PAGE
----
On Tuesday, a 9-day-long Lebanese LGBTQI+ event put a halt to its activities after its organizer, Hadi Damien, was detained and taken in for questioning.

Beirut Pride, the collaborative platform behind the event, began on May 12. 

However, following alleged complaints and claims, Damien was detained and held in custody overnight. He was brought in to the station at 11 P.M. on May 14 and released the next day at 3 P.M., Damien told StepFeed. 

"There was no violence, but it wasn't a pleasant experience," he said.

"We were 39 people in a detention room of a five-person capacity," he wrote in an official statement.

Damien has since been released by authorities after agreeing to suspend the rest of the week's events - which were scheduled to continue through till May 20. He also signed a pledge, assuring authorities that all activities will remain suspended.

Had Damien refused to sign, he may have been faced with misdemeanor charges or a criminal case punishable by up to two years in prison. 

"I advised him to sign. We want him outside not behind bars," said Layal Saqr, Damien's lawyer, according to Al Araby.

Prior to his detainment, Damien had received a call regarding a "text reading" event, which was scheduled to take place at Zoukak Theatre Studio. 

The censorship bureau at the General Security claimed Beirut Pride did not get the required approval needed to host such an event. 

According to Beirut Pride's statement, "text readings" are exempted from the stated requirement as the event is not a performance, rather a reading

Damien was "interrogated over allegedly encouraging debauchery and offending public decency" after a distorted Arabic version of the Beirut Pride program was sent to the Public Prosecution.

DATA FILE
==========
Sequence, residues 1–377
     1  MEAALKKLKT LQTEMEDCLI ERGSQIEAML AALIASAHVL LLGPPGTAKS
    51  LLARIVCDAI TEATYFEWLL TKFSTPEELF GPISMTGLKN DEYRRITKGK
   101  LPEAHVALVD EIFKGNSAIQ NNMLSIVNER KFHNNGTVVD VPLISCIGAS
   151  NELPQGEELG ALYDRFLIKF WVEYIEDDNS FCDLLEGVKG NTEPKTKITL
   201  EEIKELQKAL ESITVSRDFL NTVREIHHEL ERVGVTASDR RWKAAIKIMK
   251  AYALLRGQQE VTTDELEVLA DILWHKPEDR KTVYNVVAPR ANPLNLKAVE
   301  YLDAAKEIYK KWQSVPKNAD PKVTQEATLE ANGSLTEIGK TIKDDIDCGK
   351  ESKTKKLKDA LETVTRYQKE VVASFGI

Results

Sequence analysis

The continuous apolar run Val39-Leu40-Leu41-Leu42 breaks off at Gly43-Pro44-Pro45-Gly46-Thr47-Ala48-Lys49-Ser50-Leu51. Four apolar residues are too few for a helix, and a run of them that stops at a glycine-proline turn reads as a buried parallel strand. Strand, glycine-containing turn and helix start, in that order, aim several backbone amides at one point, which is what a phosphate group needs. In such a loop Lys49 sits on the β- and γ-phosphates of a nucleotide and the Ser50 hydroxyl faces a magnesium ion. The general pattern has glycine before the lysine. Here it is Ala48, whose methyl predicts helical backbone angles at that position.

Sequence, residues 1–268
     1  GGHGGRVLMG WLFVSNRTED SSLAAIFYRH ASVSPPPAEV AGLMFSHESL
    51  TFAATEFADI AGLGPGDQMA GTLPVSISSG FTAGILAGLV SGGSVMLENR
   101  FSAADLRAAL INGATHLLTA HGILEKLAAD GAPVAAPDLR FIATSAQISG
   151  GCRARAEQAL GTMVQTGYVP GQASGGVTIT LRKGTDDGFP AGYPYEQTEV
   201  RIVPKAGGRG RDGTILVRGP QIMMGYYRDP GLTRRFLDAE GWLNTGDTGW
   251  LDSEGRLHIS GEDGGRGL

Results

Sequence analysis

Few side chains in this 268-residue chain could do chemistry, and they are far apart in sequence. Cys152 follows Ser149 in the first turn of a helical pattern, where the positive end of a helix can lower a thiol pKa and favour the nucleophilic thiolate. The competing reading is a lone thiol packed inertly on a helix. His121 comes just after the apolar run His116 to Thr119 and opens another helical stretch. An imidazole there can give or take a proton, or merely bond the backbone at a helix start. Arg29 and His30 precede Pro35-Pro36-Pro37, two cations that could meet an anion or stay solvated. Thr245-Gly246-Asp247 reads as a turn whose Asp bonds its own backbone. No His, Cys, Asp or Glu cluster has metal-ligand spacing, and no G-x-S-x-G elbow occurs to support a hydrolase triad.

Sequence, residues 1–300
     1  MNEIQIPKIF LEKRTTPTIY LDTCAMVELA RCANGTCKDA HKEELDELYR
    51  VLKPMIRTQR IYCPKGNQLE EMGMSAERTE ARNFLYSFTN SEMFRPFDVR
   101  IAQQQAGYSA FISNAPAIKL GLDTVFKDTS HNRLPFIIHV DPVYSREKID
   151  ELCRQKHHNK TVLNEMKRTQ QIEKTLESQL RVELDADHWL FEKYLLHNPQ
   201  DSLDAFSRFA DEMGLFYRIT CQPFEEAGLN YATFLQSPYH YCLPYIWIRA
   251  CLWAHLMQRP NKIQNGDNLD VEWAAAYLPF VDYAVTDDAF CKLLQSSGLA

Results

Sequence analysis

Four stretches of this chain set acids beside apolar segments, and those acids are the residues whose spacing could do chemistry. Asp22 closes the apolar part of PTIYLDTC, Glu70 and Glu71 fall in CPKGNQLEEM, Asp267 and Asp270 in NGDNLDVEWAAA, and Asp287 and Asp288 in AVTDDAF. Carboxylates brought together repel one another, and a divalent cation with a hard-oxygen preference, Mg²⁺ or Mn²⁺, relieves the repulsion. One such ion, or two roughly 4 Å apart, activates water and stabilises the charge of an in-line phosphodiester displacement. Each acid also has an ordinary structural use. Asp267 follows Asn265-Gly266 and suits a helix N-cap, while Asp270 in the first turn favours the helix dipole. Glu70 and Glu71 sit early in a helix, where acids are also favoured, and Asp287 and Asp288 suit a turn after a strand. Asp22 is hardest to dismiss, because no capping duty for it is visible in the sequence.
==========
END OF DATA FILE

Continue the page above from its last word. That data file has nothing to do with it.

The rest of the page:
The document was twisted to make the "happenings of Beirut Pride appear like events of debauchery, disrespect of general law, while using derogatory terms to refer to LGBT individuals," Beirut Pride's statement said.

"Beirut Pride is safe"

A look at Lebanon's LGBTQI+ laws

Under the controversial Article 534, which says sexual acts that "contradict the laws of nature" can be punished by up to one year in prison, LGBTQI+ individuals are sometimes prosecuted in Lebanon. 

However, court rulings in recent years have challenged the use of the law.

In 2017, Lebanon hosted an LGBTQI+ Pride week, which organizers called a "first" for the country. 

The week-long gathering positioned itself as a "collaborative platform that takes a stance against hate and discrimination." 

That same year, the Lebanese American University (LAU) hosted the country's first-ever queer fashion show. 

"I had a transsexual [model], a straight girl, a straight guy, a homosexual, a bisexual ... all kinds of sexual orientations," Aniss Ezzedine, one of the organizers told StepFeed at the time. 

"I wanted diversity in my show." 

In 2018, nearly 100 candidates running for elections openly called for the decriminalization of homosexuality.

"The minute you see a glimmer of hope in this shitty country, it is immediately extinguished"

"There wasn't any harm to anyone from these events"

"Wish I could say I'm surprised, only disappointed"

What is Beirut Pride?

Beirut Pride is a "collaborative platform that takes a positive stance against hate and discrimination based on gender and sexual diversity." 

Social initiatives organized by the platform aim to denounce hate speech and violence through social initiatives. 

In 2017, Damien told StepFeed in an interview that he wanted to create a "happy" and "chill" event that would "bring people together." 

He also stressed that Beirut Pride is not an NGO, rather a collaborative platform with numerous participants from various Lebanese NGOs and the country's creative community. 

"For the first edition, we refused to work, to receive money and to collaborate with political parties and embassies. We even refused to host events at embassies and places that have a political leaning or that are somehow linked to politicians. We have also rejected corporate money, because at the end of the day, this is not a platform that needs money, it’s a platform that is funding itself," Damien said. 

In 2017, a series of events held under Beirut Pride were forced into cancellation after Islamist groups threatened to attack a scheduled parade. 

At the time, several events were canceled, including the parade. However, no one was detained at the time.